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The U.S. Court of Appeals for the 9th Circuit set aside a lower court’s decision against an Idaho law that banned government-mandated project labor agreements (PLAs) on taxpayer-funded construction projects. This is the third federal Circuit Court of Appeals to uphold the right of a government entity to restrict government-mandated PLAs. The other rulings occurred in Michigan in 2013 and Washington, D.C., in 2002. 

Additionally, in May 2015, a federal court in the Eastern District of Louisiana ruled that Louisiana’s 2011 law banning government-mandated PLAs was neither unconstitutional nor preempted by the National Labor Relations Act. Similarly, the U.S. District Court for the Southern District of Iowa upheld a pro-neutrality executive order issued by Iowa Gov. Terry Branstad (R) in 2011.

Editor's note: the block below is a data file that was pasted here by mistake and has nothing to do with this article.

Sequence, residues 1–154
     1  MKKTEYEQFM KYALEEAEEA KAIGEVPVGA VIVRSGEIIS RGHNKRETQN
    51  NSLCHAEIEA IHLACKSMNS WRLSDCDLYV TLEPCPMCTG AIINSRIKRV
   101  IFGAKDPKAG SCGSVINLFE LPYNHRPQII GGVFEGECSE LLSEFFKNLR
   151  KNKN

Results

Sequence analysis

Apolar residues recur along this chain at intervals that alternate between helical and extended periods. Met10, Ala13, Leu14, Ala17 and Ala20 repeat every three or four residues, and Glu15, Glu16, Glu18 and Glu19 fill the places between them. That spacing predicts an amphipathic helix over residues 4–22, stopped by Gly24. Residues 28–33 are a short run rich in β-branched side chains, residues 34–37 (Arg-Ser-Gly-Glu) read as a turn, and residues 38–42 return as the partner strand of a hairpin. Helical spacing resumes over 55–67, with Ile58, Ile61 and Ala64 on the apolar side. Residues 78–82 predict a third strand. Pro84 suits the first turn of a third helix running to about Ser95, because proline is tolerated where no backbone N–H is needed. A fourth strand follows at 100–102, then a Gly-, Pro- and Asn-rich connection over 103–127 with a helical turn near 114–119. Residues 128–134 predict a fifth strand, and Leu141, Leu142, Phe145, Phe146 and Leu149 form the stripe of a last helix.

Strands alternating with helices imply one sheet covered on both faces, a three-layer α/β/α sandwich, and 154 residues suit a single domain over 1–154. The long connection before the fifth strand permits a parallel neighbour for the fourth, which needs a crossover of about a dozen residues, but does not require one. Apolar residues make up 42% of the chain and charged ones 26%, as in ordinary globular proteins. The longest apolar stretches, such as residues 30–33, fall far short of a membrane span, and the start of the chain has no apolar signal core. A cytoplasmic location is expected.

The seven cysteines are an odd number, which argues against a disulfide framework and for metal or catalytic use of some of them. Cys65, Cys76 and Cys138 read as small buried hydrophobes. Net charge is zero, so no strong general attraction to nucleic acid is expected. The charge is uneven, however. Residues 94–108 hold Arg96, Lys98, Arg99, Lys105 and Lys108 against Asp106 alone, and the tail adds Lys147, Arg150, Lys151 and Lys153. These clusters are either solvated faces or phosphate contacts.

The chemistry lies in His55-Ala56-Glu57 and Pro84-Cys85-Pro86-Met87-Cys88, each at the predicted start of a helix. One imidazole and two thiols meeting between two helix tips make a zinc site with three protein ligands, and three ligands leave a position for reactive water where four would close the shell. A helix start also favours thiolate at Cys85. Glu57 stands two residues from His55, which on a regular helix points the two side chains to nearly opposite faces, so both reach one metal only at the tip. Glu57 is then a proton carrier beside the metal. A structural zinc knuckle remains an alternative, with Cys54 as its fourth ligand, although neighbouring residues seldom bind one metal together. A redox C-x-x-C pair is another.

Idaho is one of 23 states to issue “government neutrality in contracting” laws restricting government-mandated PLAs. Twenty of the laws have been enacted since 2009, when President Barack Obama issued the pro-PLA Executive Order 13502. West Virginia Gov. Earl Ray Tomblin became the first Democratic governor to sign legislation banning PLA mandates on March 26, and Nevada became the 23rd state to ban government-mandated PLAs on June 9. 

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